Three Mile Island stands out as one of the greatest U.S. tragedies, and possibly the first major disaster of the nuclear age. Being one of the first, and one of the most publicized reactor meltdowns in world history, it would be almost a decade before the disaster was overshadowed by that of Chernobyl.
One of the most cited reasons for the disaster was confusion concerning the state of the valve in the reactor’s control system. Specifically, the interface was designed to tell the operators that the valve was open, but was built to give the status of the solenoid controlling the valve, instead of the actual valve state itself.
The application of human factors principles may have very well solved this problem ahead of time.
In the field of human factors, we often times speak about expectancies. These are an individual’s expectations about the way a system should work. We also speak about visibility, which is how transparent a system is to the operator, specifically in reference to the operators understanding of the system’s underlying processes.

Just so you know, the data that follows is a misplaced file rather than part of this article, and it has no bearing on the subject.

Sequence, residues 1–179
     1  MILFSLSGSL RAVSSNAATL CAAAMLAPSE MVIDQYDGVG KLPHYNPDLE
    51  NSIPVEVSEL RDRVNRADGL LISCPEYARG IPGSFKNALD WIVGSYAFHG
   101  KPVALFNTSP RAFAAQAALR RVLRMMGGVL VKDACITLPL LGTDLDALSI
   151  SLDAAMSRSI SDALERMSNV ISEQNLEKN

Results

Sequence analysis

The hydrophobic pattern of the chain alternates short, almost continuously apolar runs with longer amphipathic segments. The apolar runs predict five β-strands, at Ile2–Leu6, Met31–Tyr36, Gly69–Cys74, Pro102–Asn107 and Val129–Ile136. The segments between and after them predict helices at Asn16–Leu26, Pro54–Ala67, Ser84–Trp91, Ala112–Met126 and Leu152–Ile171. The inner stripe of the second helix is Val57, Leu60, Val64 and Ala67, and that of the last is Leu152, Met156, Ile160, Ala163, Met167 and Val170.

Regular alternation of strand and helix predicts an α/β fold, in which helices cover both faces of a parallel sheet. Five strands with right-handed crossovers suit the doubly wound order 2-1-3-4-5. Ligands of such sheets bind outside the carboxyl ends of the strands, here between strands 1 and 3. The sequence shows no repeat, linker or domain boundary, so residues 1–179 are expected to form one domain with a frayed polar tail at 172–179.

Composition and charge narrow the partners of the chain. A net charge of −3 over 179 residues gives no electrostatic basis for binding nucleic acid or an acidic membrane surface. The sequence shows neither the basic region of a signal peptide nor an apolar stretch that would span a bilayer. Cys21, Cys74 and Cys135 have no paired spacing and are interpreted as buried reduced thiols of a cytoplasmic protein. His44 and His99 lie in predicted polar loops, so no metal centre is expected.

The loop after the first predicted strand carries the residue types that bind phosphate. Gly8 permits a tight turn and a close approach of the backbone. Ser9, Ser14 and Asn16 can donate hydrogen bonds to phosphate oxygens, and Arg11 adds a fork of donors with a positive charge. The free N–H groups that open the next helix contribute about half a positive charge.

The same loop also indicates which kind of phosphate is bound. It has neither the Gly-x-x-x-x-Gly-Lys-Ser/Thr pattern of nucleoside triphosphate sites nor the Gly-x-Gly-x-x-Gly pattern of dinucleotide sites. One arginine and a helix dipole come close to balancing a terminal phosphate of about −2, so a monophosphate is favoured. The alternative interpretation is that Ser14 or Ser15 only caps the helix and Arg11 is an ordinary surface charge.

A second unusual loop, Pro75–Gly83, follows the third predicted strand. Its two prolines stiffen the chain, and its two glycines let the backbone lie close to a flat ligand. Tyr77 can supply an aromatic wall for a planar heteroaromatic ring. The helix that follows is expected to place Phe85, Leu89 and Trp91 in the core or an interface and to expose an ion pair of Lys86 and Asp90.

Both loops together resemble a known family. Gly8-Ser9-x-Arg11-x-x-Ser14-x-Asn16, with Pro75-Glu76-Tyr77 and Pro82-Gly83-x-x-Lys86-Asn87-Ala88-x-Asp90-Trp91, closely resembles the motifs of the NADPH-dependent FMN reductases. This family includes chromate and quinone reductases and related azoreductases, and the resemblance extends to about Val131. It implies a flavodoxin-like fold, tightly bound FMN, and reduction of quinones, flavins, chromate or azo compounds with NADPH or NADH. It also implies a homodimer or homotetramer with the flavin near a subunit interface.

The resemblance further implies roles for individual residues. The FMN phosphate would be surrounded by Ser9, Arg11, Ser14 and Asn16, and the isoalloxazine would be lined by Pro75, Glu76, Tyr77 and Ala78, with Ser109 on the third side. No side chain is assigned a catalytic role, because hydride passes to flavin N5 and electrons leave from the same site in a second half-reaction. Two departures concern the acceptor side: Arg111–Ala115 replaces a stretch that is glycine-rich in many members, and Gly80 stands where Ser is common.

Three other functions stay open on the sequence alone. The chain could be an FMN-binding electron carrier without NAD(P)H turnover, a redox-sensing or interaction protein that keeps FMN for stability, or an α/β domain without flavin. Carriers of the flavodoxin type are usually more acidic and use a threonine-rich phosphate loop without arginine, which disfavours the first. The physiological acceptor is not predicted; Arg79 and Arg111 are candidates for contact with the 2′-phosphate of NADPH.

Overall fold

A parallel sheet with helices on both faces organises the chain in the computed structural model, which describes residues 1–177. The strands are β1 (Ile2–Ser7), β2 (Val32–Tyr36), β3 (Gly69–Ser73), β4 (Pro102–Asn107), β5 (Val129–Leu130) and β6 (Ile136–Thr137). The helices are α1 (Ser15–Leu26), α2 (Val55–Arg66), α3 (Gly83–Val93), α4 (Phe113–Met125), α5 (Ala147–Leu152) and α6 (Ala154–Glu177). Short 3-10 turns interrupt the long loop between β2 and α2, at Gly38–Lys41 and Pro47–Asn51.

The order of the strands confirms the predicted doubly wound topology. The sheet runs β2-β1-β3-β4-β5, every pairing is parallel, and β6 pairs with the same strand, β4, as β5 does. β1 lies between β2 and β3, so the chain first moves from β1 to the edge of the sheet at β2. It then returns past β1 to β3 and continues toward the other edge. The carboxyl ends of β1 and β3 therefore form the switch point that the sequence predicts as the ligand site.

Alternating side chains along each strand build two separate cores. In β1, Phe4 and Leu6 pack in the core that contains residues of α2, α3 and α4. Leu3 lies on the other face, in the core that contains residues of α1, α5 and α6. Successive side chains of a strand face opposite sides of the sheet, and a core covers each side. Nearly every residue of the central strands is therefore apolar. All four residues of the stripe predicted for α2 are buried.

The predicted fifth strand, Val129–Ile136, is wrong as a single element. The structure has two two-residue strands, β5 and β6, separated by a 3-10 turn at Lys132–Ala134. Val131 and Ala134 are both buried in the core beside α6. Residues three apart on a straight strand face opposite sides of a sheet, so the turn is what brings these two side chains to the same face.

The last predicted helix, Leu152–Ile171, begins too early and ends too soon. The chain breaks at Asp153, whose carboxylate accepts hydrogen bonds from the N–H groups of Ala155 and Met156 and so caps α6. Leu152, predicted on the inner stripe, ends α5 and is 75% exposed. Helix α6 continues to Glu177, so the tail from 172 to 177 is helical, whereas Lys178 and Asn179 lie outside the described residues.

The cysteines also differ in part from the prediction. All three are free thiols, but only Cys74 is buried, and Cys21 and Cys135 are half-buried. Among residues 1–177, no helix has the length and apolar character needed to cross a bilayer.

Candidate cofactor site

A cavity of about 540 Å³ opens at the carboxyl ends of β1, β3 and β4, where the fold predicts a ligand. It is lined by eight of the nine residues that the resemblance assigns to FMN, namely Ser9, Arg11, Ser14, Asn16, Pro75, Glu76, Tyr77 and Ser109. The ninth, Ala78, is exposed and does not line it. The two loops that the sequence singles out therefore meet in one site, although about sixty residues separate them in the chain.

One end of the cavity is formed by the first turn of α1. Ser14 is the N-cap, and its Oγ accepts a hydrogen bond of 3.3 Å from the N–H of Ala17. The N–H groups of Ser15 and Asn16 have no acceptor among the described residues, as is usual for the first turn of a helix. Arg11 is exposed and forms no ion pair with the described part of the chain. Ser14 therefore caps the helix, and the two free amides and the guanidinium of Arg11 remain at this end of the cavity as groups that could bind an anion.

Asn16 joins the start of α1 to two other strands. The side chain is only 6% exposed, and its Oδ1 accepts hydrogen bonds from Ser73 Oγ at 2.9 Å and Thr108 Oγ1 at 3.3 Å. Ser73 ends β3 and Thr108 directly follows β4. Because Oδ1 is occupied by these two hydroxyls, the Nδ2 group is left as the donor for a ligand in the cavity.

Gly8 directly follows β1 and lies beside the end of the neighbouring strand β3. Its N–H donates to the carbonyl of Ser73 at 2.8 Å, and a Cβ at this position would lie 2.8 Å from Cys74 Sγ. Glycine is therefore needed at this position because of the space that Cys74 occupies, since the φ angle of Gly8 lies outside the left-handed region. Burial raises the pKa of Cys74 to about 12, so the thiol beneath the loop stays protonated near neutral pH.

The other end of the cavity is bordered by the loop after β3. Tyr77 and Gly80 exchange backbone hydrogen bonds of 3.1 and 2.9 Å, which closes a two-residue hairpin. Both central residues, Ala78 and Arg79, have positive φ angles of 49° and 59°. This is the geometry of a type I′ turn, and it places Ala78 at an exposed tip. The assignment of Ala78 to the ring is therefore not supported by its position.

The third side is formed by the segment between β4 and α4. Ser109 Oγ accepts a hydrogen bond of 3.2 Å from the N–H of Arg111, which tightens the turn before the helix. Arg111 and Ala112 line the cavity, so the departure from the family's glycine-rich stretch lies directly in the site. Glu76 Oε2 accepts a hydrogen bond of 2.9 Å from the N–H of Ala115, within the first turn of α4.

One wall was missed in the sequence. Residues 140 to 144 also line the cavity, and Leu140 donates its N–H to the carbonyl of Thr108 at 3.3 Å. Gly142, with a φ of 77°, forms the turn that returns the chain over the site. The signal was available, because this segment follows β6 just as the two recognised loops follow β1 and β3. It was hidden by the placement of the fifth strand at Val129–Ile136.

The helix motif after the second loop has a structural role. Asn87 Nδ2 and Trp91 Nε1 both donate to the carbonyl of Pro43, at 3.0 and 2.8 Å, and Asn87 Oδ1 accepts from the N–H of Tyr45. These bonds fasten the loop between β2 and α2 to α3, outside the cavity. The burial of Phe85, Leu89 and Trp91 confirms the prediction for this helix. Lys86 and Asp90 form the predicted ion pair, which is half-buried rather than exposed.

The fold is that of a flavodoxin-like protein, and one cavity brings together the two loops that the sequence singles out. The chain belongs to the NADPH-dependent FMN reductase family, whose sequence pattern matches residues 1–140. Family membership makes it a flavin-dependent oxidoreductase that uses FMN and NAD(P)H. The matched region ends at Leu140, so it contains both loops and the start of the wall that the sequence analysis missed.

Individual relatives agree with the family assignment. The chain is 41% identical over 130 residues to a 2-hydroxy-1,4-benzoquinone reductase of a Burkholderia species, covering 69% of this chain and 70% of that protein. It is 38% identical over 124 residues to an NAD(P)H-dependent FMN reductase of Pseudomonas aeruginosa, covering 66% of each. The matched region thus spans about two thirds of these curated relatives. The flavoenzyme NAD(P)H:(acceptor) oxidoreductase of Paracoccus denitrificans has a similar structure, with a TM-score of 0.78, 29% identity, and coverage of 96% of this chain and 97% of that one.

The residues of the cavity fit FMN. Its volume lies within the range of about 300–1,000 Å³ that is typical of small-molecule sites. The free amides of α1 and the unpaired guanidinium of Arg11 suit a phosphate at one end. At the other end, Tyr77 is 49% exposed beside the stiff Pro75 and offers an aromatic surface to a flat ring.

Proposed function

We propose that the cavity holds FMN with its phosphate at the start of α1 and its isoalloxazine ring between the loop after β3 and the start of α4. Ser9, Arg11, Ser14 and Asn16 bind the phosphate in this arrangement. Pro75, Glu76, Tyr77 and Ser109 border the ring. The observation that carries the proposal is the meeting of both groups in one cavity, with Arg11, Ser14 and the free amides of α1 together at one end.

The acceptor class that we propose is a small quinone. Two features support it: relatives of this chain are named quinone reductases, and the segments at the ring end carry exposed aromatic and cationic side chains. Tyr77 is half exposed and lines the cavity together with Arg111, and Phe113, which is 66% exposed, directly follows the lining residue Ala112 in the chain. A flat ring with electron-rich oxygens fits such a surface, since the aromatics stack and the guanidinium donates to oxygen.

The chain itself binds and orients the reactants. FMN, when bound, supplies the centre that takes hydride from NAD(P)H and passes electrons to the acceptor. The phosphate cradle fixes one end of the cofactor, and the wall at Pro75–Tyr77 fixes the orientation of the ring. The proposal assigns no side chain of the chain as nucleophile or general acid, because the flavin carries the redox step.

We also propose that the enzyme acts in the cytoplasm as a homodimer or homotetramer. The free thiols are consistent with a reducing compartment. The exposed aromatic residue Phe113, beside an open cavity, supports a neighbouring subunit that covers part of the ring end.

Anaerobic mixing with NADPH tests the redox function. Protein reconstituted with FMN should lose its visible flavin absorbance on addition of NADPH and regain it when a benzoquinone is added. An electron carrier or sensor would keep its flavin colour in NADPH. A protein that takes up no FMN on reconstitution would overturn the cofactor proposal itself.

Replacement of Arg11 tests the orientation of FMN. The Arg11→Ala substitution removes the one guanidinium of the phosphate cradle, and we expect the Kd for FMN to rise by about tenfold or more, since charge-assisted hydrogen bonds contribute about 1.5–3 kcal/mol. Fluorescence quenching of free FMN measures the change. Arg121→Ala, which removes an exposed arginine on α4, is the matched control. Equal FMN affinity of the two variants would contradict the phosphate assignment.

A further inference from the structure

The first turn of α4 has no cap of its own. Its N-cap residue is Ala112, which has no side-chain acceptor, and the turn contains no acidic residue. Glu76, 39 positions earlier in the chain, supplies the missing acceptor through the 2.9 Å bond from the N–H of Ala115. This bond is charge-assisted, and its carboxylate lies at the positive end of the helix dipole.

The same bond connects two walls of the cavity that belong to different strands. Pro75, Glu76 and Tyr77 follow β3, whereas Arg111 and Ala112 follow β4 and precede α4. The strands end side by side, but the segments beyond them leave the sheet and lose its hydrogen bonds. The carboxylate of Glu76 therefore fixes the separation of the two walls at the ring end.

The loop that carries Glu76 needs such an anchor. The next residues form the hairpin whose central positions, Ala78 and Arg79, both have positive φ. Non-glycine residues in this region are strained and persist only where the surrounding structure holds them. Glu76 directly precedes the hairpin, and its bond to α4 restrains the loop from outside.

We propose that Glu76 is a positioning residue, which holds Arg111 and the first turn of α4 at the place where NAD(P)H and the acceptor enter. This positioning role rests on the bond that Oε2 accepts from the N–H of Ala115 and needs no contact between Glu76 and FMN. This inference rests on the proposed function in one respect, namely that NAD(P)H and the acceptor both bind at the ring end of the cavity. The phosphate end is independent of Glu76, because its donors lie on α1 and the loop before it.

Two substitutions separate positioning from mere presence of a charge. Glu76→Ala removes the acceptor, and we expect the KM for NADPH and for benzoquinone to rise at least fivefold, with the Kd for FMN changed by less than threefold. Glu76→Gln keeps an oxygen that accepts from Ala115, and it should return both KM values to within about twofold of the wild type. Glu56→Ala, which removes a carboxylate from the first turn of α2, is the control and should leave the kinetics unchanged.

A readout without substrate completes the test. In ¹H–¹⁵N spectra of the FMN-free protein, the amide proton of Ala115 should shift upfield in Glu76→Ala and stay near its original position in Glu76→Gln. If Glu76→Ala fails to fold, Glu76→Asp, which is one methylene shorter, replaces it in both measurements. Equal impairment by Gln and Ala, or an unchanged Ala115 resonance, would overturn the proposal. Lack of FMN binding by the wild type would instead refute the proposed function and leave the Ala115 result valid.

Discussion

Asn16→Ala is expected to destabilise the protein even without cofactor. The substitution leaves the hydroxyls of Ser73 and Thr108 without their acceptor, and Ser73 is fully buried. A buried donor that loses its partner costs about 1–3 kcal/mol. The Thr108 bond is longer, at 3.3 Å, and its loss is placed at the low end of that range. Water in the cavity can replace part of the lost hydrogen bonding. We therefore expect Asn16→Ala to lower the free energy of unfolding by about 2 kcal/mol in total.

For example, when you get in your car and turn the key, you expect the engine to start. Breaking expectations often times leads us to understand that something is wrong with the system we are working with. If you turn your key and the engine doesn’t start, you know something is probably wrong with your car.
Problems arise when these expectancies are broken, yet the user is un-aware of a change. Very much like your engine still starting, but someone having drained out all the oil without any indication, immediately destroying your engine. Now imagine you had a light that came on telling you there was no oil in your car - you’d never start the engine.
Three Mile-Island’s control panel had a light showing the valve of concern was closed. In fact, the operators were so used to this that they looked for every possible other solution, even though this valve being stuck open was an obvious cause of the initial problems. Not only that, but further downstream information that would very well have hinted to the operators that something was seriously wrong was either hidden from view due to bad interface design, or was not something the operators were trained on.
The field of human factors works hard to do its best to prevent events like this from ever happening again, through the application of usability, design, and training.